Owned by British businessman Martyn James Ravenhill, the famous and historical Liberace Mansion has been an ongoing restoration project since Ravenhill purchased the estate in 2010 for $500,000, after its market value depleted considerably in 2006 following the Las Vegas housing crisis.

The 14,939 sq. ft. property is now fitted with some of the most exuberant décor, including cherub-filled ceilings, marble pillars, etched mirrored walls, and myriad crystal chandeliers that all together scream elegance and luxury. Currently closed off the public, the house is considered a historic designation to the community here, and the possibility of tours along with being able to use it for events are expected in the not so distant future. 

Ted Binion’s Cove

Ted Binion was the famous son of Ben “Benny” Binion and was once one of Vegas’s most notorious casino founders and executives. His 8,000 sq. ft. mansion is one of Vega’s most famous historical landmarks, and a popular site among tourists. Possibly the most interesting and historical fact about this property is that there is a 12-foot-deep vault located underneath, estimated to be worth between $7 million-$14 million; made up of cash, casino chips, silver bullion, and other precious metals. Unfortunately for Binion, his grand treasury went missing after his death, and the contents of the vault played a key role in the investigation of how he died in 1998.   

Barry Manilow’s Penthouse

This 5 bedroom, 2 storey, 3,500 sq. ft. property was previously owned by the famous performer Barry Manilow, and is a house bursting with vintage-style luxury and magnificence. On the market since 2009 for $6.95 million, the property is a part of Park Towers, where Manilow lived for several years before moving into there.

The penthouse itself boasts three balconies, a step-down living room outfitted with glass walls from the floor to the ceiling, an Ocean Master suite, vaulted ceilings, a spectacular kitchen, and the most astounding, panoramic views of nearby Vegas beacons, such as the Wynn Resort, Caesars, and the Palazzo. 

The Underground Bunker

This surely has to be one of the quirkiest ‘houses’ (if you want to call it that) of its kind, as it was originally modelled and constructed in preparation for earthquakes and fire drills during the late 70s. The owner at the time, Jerry B. Henderson, was so paranoid at the idea of a natural or nuclear disaster occurring near his home, he went out of his way to build a bunker in an effort to protect himself and his family.

Inside, you’ll find the oddest features, and practically the whole thing is made out of fake and prosthetic materials, including the trees, flowers, elevators, intercoms and fire alarm systems. With a value of over $1 million and covering more than 5,000 sq. ft., you wouldn’t even know it was there, as it’s situated directly under a normal-looking house! We’d love to find it and explore it for ourselves one day!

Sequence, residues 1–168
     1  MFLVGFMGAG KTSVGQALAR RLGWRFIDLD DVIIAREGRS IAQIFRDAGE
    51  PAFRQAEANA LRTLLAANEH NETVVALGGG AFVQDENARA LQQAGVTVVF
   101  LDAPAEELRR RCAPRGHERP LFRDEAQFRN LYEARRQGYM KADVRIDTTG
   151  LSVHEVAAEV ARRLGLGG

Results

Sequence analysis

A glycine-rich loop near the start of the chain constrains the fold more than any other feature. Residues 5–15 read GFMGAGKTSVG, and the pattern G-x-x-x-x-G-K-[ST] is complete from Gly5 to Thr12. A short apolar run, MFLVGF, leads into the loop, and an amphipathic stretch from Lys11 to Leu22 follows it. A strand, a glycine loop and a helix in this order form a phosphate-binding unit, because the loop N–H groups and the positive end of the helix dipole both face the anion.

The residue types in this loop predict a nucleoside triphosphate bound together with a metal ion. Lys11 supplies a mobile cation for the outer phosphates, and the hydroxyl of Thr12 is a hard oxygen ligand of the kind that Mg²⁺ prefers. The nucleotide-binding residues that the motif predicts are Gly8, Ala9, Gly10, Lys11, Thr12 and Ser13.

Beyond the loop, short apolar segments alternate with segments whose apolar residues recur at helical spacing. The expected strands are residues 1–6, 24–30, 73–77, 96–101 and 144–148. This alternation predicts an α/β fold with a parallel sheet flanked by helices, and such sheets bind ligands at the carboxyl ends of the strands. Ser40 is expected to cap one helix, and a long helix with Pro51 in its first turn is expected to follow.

The Simpsons House

Who doesn’t love the Simpsons? They’ve been gracing our television screens for well over 20 years with Bart’s “Ay carambas,” Homer’s beer and donut obsession, and Marge’s extravagant blue beehive hair. Although they are entirely fictional, they all star in one of the most iconic family-loving cartoons of all time. So it’s no wonder there was a house erected in their name!

Constructed in 1997 as a joint project with Fox and Pepsi; the 2,200 sq. ft. 4-bedroom house is exactly how it’s pictured in the series. From the sailing boat picture hanging on the wall, to the old, beat-up brown couch, Bart’s treehouse, right down to the pink Sedan sat outside on the driveway. It is said there are over 1,000 props in total that replicate and make up the details of the home. There’s no monetary price tag on the house, but we’re pretty sure it would cost a few million Krusty Burgers if it were up for sale!

Home, James

Of course there are an abundance of celebrities and world-famous names residing in the City of Lights, some privately owning houses here that we are completely unaware of! But if you ever find yourself in Vegas and want to go on a celebrity property scavenger hunt – here are a few good places to start your adventure and get a taste of true Nevada culture at the same time.

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A Massachusetts native, blogger Angeline Everett grew up in the Allston neighborhood of Boston and earned a degree in casino management from the University of Massachusetts-Amherst. After graduating, Angeline moved to Atlantic City where she joined the young team at the Borgata Casino as a compliance representative, while blogging on the side. After a few years in the back office, Angeline moved to the floor to work first at a casual poker dealer and later casual poker floor supervisor. Fascinated with games of chance since she was a child, Angeline currently divides her time between blogging and work on her first book.